Caution! This vehicle stops at all crick crossings
| October 26, 2021 1:00 AM
Any idea where to get a bumper sticker reading: CAUTION! THIS VEHICLE STOPS AT ALL CRICK CROSSINGS? I always slow down and often stop at any bridge or culvert that passes flowing water. Short of using the emergency flashers, I need to alert other motorists of my intentions. Fortunately this habit usually occurs while driving remote, lightly travelled logging roads, thus minimizing traffic hazards.
This long-standing practice fulfills two obligations for me. First of all, any forester knows bridges and culverts are expensive and require maintenance to function properly. Moreover, water must flow freely and allow for fish passage. It becomes second nature for me to look for obstructions or potential problems.
Secondly, I always carry a fly rod in my rig. A glance revealing promising water can easily turn into an unscheduled rod and reel survey.
One evening last summer while leaving one of my favorite cricks, I saved just enough daylight to enjoy sunset at the Union Road Bridge. As I slowly approached, a father and his young daughter walked across the bridge. Dad held a fly rod. Darn! He low-holed me for the prime fishing spot during the peak of the evening show.
The evening show, as I refer to it, is that magical time at dusk when caddis flies transform from their underwater life as rock hugging periwinkles. They drift to the surface and spend a few seconds as newly emerged adults fluttering to dry and test their unused wings. Helicopter pilots do much the same as they conduct the engine run-up before take-off.
While this entomological transformation occurs, trout anxiously poise themselves to quickly dart to the surface and grab these tasty bugs for their supper. The challenge for fly fishers is to have a fly on their tippet that closely resembles the adult caddis fly. If all goes well, magic happens at that moment.
If I couldn’t beat the other angler to the Bridge Pool, at least I would delay him with conversation.
As two anglers meeting for the first time with neither wanting to divulge any secrets, our chit-chat began pretty vaguely. “Pretty slow but I got a few.” “Yeah, me too, mostly small ones.” Fishing talk usually ends at this point closing with a wish for good luck. But we continued.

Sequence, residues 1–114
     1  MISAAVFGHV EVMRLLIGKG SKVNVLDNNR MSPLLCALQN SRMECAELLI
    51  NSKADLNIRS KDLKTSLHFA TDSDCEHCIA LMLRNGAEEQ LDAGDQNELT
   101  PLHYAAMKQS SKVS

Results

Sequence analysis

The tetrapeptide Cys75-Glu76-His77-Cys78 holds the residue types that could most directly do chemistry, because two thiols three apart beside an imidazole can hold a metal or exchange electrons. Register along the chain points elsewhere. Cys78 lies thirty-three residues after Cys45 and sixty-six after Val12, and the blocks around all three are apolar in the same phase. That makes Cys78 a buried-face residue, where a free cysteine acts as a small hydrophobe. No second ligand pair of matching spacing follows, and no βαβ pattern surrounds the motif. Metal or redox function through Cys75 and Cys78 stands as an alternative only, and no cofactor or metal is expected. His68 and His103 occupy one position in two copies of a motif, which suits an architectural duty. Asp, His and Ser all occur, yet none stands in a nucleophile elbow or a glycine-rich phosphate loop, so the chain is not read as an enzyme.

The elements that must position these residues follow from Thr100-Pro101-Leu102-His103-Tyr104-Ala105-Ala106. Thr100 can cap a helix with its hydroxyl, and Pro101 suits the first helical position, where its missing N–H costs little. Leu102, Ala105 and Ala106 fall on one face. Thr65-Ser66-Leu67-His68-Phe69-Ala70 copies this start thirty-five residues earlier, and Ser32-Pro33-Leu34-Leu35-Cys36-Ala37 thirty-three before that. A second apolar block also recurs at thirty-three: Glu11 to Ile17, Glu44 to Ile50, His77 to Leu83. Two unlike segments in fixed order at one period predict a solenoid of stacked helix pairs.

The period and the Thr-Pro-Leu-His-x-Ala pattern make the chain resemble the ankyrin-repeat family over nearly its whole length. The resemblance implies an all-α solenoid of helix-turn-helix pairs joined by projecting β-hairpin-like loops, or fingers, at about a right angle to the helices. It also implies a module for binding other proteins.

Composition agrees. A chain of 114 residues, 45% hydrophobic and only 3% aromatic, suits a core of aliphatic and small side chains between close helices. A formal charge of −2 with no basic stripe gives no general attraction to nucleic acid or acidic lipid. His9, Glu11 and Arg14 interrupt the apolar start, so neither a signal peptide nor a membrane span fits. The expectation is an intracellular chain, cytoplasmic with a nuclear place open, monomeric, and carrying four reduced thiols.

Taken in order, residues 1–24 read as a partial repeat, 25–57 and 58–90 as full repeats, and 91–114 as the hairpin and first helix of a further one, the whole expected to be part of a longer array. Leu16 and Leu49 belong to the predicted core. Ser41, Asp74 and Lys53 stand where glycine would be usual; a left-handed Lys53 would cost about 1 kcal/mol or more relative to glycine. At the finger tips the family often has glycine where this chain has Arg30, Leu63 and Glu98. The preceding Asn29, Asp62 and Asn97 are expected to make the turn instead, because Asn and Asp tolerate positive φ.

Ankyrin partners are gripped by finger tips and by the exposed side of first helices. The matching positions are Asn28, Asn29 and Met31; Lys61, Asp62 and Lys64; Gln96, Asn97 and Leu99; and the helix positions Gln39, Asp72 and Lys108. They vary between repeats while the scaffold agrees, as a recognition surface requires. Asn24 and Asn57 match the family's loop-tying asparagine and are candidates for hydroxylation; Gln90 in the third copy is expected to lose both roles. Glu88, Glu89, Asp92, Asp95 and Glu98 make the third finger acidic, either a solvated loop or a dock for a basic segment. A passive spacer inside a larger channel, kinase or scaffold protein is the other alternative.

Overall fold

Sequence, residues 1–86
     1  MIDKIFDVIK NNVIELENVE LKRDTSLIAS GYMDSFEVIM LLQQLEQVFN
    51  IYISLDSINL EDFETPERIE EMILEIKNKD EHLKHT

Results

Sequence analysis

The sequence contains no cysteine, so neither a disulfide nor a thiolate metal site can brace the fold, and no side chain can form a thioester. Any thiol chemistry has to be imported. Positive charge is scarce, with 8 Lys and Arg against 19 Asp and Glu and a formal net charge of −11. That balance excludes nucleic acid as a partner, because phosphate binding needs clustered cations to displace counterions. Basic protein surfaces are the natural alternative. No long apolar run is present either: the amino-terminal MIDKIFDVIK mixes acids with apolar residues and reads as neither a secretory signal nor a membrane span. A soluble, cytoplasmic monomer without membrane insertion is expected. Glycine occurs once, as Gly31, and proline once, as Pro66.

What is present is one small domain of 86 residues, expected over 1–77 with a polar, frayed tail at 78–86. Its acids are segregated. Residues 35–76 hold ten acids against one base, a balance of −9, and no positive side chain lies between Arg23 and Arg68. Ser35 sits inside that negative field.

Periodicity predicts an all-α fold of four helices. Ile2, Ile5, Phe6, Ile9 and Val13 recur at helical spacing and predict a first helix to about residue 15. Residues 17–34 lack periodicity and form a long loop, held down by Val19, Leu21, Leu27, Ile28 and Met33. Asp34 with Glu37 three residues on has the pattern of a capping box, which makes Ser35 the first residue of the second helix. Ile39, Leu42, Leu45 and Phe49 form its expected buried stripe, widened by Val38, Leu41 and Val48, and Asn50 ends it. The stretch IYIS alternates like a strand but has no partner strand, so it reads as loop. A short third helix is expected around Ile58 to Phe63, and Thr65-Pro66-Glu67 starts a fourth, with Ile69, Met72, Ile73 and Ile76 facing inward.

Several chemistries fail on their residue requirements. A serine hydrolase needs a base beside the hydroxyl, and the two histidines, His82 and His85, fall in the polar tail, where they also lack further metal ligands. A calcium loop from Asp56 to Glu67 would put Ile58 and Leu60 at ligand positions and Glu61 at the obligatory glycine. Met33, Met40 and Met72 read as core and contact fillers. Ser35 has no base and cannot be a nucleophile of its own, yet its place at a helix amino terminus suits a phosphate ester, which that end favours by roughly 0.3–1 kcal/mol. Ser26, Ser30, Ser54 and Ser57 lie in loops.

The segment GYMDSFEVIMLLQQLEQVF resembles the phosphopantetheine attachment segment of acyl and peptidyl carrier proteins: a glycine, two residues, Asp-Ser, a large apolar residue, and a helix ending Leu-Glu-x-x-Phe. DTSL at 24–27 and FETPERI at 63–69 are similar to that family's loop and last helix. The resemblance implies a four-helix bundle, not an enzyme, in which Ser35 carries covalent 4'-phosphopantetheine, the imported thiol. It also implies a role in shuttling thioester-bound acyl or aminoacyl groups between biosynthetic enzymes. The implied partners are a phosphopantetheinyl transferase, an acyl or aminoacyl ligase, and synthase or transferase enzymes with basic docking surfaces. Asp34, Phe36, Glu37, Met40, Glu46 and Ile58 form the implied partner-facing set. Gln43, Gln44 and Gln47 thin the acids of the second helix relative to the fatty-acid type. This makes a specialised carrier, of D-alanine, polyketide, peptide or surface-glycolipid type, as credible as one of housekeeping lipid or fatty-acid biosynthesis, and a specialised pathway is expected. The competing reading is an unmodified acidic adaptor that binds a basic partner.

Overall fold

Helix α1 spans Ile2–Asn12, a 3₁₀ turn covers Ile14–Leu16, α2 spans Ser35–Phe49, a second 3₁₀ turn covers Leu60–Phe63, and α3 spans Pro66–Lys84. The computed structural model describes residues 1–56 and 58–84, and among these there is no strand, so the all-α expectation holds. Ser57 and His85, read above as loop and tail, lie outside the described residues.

Without realizing the conversation would reach this degree of sharing, neither of us dared acknowledging what began emerging as a revelation. But he spilled the beans by mentioning a 12-inch cutthroat trout. In this small stream where the trout average about six inches, one measuring a foot-long deserves an episode on the TV program River Monsters.
I, too, hooked a 12-inch cutthroat only to watch the #14 barbless hook slip out of its jaw as I reached to pick up the fish. This self-release was just fine as I never keep a native westslope cutthroat trout, even where legal.
Our conversation continued. Attempting to not appear suspicious, I glanced down toward his footwear. It didn’t take a detective to recognize that I was possibly looking at the same wading boots that left the tracks in the sand bar near the big fish’s pool. Were we both talking about the same fish? Thanks to the ethic of catch-and-release fishing, perhaps we both experienced the satisfaction of sharing the same monster cutthroat trout.
Well, I had delayed him long enough. He rightfully earned dibs to the Bridge Pool during the evening show. Moreover, maybe he would hand the rod over to his daughter and let her catch a fish with a fly.
Until I find that bumper sticker, watch out for my rig blocking traffic on bridges and culverts crossing cricks.